Top positive review
Who thinks he turns the Wheel of Time, may learn the truth too late...
Reviewed in the United States on April 22, 2019
I'm sitting between four and five stars for A Crown of Swords, the seventh installment in the Wheel of Time, but I think four hits the mark. Speaking of hitting the mark, I am now officially halfway through the series. I will give fair warning there are (light) spoilers below. Heavy ones will be hidden. The light ones may come off as obvious even to non-readers, but still I want to warn.
Now, this one starts out in an interesting and appropriate way. The prologue gives us a glimpse of what was happening just prior to (and during) the events at Dumai's Wells from points of view we did not get to see, and then the first few chapters deal with the immediate aftermath. I say appropriate because the implications and repercussions of Dumai's Wells was immense, and so to cover it this way with no pause was really well done. Jordan actually purposefully keeps us out of Rand's head for a bit at the start, making us guess at his inner turmoil after said events. This was well done too. Eventually of course we do hop back inside his head, and his story continues to grip me. The pain of it. The necessity. The inner turmoil. The Dragon Reborn's conquest continues as he brings folk and faction of all kind under his banner in preparation for Tarmon Gaidon. Even if it takes him a little while to do so. Even if women confuse him. (Do I still need to touch on the ridiculousness of the whole 'Men vs. Women' attitude the books are riddled with? I don't see it changing, so I just stomach it, but Jordan.. just, come on, man.)
It's sort of funny; when I read these I am pulled in two different directions internally. I swing between the feeling that a lot is happening, and the feeling that almost nothing is happening. It's hard to pinpoint the cause of both of these feelings, but I think it has something to do with just how detailed Robert Jordan is. The man is extremely descriptive. Not just when it comes to his world; the clothes, the cities, the buildings, the colors, the animals, the people, but also when it comes to our characters. Meaning we end up spending a lot of time in our character's heads. So when something relatively small is accomplished, or something that takes a relatively short amount of time, it can end up feeling like it took a much longer amount of time. In this way, Jordan is able to stuff a lot of content into what amounts to pretty short amounts of 'in-world' time.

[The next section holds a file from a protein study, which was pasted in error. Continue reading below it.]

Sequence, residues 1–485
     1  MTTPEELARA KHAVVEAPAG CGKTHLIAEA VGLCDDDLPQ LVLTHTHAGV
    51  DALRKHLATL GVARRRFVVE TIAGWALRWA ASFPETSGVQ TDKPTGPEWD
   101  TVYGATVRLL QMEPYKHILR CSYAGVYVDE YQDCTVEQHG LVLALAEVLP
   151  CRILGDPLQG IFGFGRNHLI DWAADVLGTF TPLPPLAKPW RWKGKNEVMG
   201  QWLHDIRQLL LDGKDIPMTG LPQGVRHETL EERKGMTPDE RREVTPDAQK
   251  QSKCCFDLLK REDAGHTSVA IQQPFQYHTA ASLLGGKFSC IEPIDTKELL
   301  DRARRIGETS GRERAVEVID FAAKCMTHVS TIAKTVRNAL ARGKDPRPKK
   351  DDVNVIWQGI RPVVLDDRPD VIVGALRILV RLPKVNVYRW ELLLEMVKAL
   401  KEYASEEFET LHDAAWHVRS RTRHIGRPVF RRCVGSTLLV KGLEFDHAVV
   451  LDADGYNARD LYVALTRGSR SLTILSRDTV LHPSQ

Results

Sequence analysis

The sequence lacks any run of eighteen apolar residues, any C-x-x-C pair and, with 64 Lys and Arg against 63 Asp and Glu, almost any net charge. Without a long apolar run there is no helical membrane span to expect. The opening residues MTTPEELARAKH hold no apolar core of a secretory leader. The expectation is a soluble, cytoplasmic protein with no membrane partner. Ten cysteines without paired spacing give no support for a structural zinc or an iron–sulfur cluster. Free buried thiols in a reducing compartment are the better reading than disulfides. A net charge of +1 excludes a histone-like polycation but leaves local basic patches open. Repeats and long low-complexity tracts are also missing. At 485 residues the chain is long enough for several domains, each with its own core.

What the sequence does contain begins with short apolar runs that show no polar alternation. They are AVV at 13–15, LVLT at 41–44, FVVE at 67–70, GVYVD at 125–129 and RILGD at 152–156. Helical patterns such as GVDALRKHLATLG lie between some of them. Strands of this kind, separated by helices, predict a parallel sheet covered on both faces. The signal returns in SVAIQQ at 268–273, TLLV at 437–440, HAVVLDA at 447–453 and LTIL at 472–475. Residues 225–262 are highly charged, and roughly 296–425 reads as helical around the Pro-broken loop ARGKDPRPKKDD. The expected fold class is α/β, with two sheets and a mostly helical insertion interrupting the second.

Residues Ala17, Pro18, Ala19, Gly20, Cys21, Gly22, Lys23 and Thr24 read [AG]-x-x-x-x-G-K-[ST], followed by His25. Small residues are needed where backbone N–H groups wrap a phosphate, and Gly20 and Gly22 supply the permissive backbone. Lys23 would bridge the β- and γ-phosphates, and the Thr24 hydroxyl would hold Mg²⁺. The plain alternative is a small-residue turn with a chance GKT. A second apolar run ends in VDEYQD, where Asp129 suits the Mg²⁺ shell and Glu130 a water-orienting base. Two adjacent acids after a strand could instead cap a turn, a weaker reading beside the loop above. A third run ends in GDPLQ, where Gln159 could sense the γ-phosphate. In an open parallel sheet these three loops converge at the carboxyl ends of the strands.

There are both pros and cons to this. One obvious pro is that (if you get behind this sort of thing) you can sink very deep into the story and world; full immersion, so to speak. The obvious con.. is that it can also feel a bit dry at times. You can spend significant amounts of time in POVs that you don't find all that interesting. Or POVs that you do find interesting, but that happen to be in the middle of a situation that you don't find that interesting. It's an unfortunate reality of sprawling, epic tales like this one. So, the question is do the pros outweigh the cons in these situations? For me the answer is yes. Bits of this story did drag a little. For example, the plot piece that Nynaeve, Elayne, Aviendah, and Mat are involved in is one that I expected to be resolved by the end of book six. Here, at the end of book seven, it has only just begun to be resolved. Rather, it was resolved, but new complications have arisen. Now this is where the pros and cons come in, because I find these complications quite interesting, to say the least, and I'm eager to see what comes next. It's give and take.
I guess to sum it up, I love the world of the Wheel of Time. So I will plod through slow parts to get to the juicy ones. And make no mistake, Jordan did make sure to keep up the pace when it slowed. Several events in this book were long awaited, and others very exciting. It was welcome to have a fair amount of Perrin chapters, and perhaps the most Mat chapters of any of the books thus far. Mat Cauthon is fast becoming a favorite character of mine. Jordan is good at something that Sanderson does a lot, and I can't help but think Brandon was influenced in this regard. He raises questions within the story; about a character, about a place, about an event, and then eventually gives answer. But he always raises more interesting questions. I am still learning more about this world with every single book. There is so much we don't know yet, and I'm here to learn it all. Book eight is up next.
'Master of the lightnings, rider on the storm, wearer of a crown of swords, spinner-out of fate. Who thinks he turns the Wheel of Time, may learn the truth too late.'